Real world hustle
Many a professional has entered the work force through a customer service-based position. Some stick with the position(s) for a little bit, gather a few retail or restaurant horror stories, and move on to other opportunities. Some folks thrive on the often fast-paced environment and make a career of it. Regardless, it is safe to say that when starting out on this career path, the job seeker will likely be making somewhere around minimum wage. However, one of the primary reasons job seekers are drawn to restaurants is the opportunity to make some extra cash in tips.
The rise of the wage
Since 2009, the federal minimum wage has been set at $7.25 per hour, though the rate is higher in many states. Recently, efforts have gained traction in once again raising the federal minimum wage. States such as California and New York have set legislation to raise the minimum wage to as high as $15 per hour by 2020, and Massachusetts and Washington are currently tied for having the highest minimum wage at $11 per hour. It makes sense that as the cost of living increases, the minimum wage would rise to reflect that.
Would you believe, then, that since 1996 the minimum wage for tipped workers has been set at $2.13 per hour?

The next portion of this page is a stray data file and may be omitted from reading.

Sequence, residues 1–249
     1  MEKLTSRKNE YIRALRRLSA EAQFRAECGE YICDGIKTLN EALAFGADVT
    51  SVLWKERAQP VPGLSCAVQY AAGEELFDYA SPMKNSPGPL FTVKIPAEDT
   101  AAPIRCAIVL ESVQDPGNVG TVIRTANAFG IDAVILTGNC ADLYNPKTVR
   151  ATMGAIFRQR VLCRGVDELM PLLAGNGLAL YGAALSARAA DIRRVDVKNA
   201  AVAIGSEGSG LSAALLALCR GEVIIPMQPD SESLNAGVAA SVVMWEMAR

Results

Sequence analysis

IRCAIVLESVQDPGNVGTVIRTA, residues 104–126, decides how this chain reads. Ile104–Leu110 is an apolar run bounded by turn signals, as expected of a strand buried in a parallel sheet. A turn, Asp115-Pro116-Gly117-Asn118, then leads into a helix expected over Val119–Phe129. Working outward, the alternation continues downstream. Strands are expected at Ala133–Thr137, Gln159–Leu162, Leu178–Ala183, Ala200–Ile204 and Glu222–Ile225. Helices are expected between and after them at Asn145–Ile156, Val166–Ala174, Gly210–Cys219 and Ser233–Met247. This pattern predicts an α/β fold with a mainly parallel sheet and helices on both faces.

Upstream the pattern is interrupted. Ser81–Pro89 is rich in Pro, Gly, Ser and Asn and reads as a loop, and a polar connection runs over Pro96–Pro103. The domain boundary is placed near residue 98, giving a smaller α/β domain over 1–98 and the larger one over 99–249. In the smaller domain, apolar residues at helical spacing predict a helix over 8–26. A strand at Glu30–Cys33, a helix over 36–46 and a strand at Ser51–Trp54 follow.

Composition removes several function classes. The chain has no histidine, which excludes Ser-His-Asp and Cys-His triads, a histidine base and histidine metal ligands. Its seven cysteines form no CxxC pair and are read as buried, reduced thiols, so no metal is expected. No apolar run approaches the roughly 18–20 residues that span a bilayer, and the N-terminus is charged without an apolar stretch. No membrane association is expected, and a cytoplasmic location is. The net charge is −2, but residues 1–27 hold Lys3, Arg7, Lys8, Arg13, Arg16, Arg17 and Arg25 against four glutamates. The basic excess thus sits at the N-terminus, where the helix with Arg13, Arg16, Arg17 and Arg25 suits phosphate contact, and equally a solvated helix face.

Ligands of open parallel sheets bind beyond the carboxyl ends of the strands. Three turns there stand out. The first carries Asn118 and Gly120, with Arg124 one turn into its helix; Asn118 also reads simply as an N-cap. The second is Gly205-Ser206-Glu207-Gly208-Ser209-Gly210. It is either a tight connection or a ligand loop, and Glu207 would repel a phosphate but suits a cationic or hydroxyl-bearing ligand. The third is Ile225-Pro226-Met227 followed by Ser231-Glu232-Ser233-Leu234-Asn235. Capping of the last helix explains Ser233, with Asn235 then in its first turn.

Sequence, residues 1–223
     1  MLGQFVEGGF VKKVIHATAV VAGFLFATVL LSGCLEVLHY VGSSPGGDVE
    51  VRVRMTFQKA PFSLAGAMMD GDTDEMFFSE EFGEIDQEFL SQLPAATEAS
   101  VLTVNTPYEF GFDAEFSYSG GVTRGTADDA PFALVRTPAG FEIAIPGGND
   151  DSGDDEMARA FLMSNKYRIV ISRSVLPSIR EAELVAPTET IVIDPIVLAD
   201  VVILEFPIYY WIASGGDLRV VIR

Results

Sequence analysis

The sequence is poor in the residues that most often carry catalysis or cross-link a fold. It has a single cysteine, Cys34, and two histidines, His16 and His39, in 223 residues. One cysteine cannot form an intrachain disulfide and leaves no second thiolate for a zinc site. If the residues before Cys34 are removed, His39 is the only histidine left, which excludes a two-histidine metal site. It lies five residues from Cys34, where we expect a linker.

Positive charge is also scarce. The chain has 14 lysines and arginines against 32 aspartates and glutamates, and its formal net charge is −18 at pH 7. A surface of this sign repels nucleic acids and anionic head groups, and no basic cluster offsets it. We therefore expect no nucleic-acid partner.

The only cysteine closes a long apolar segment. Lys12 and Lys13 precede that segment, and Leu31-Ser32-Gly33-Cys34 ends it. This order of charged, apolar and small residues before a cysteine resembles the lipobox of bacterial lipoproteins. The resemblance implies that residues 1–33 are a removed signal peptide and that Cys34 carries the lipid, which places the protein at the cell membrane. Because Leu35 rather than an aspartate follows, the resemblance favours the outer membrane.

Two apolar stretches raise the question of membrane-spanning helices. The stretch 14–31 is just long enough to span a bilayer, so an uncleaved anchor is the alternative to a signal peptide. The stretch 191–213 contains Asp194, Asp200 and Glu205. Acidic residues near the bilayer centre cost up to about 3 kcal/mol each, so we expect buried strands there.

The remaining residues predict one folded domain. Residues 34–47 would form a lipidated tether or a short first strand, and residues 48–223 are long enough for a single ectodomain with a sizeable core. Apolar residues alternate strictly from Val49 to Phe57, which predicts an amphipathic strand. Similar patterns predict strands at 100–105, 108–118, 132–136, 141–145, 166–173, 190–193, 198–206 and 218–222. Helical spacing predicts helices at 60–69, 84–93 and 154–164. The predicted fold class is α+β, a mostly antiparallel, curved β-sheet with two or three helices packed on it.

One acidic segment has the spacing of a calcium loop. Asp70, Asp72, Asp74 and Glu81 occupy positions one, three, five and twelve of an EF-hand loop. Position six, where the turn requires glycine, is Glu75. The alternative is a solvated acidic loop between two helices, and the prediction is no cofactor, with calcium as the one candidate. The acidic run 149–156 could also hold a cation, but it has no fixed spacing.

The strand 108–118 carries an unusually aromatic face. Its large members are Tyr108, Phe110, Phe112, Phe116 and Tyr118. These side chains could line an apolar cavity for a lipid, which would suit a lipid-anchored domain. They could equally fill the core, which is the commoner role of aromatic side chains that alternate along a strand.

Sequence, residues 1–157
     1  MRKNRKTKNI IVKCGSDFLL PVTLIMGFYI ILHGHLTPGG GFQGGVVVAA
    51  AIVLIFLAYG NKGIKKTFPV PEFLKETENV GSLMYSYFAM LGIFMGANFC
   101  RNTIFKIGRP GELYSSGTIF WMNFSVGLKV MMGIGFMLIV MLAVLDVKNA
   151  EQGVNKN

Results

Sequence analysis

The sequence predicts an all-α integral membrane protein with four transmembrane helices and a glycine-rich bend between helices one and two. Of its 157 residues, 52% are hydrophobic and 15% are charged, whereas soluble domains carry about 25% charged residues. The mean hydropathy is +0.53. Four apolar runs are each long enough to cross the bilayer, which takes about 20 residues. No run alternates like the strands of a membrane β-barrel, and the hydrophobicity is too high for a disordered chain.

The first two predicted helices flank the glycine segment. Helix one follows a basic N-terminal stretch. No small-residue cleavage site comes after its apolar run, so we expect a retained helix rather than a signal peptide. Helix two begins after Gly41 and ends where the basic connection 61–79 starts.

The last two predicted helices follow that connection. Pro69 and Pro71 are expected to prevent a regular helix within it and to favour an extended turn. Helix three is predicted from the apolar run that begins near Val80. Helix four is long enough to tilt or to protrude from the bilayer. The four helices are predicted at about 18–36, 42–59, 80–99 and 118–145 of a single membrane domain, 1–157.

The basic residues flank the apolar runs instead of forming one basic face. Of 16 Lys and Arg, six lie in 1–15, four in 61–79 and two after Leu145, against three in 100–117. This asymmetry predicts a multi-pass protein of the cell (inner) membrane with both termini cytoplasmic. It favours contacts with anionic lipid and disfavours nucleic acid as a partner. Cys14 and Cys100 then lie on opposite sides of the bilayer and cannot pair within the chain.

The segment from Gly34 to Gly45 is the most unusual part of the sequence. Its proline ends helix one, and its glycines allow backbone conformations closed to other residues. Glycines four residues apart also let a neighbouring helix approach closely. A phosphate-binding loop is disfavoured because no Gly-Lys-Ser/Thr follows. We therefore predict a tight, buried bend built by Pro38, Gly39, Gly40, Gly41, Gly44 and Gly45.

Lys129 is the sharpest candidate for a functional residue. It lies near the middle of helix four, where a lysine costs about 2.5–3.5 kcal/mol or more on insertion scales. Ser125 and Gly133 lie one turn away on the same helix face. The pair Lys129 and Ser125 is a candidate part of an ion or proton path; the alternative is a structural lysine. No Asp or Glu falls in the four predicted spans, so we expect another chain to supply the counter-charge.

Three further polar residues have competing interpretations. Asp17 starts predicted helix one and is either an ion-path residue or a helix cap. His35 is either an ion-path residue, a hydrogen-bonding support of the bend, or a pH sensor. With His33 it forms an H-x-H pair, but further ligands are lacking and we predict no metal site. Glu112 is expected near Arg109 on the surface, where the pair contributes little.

Crunching the numbers
In case you’re too lazy to do the math, I’ve taken the initiative to present you with some figures. (And if you’re insecure about your mathematical skills, then let me assure you that I had to use a calculator). The federal minimum for tipped workers is $5.12 per hour less than untipped workers. Working 40 hours per week, untipped workers making minimum wage would make roughly $15,000 annually.
Tipped workers, based on hourly wages alone, would make less than $4,500 annually.
I mean, maybe it’s just me, but that seems a little unbalanced now, doesn’t it?
A hard day’s work
Now, in all fairness, these figures are purely based on hourly wages. At high-end establishments, especially, the tips can be quite good and more than make up for the significant wage gap.
But at less-expensive establishments, that wage gap can most assuredly be felt among the workers. If the establishment isn’t busy, or even if too many parties forget or decline to leave a tip, servers could potentially be walking away from an 8-hour workday having barely made $20.If too many parties forget or decline to leave a tip, servers could potentially be walking away from an 8-hour workday having barely made $20.Click To Tweet
This example may be a bit extreme, but it is certainly within the realm of plausibility.
Who’s in the fight?
Restaurant Opportunities Centers United launched a campaign in 2013 to bring about legislation that would abandon the two-tiered wage system. Currently, there are only seven states that have such legislation in place, with Maine voting to become the eighth last year. Though the group is currently planning a major push in several states to move legislation this month, activists are worried progress may face major challenges over the next four years, largely due to President Trump’s nomination of Andrew Puzder as Labor Secretary.